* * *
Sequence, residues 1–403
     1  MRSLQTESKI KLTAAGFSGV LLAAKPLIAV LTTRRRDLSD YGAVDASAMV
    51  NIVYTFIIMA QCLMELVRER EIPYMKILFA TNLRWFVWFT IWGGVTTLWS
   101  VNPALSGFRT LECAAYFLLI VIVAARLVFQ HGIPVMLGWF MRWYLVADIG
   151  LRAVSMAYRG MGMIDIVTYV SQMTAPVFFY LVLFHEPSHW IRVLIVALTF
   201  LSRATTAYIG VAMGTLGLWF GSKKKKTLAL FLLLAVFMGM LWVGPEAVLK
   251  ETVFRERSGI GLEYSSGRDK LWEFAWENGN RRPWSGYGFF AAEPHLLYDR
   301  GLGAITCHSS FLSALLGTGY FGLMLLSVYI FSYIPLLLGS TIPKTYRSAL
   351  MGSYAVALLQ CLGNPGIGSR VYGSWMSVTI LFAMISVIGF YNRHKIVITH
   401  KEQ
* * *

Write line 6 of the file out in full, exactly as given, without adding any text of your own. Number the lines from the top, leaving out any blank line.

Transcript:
   201  LSRATTAYIG VAMGTLGLWF GSKKKKTLAL FLLLAVFMGM LWVGPEAVLK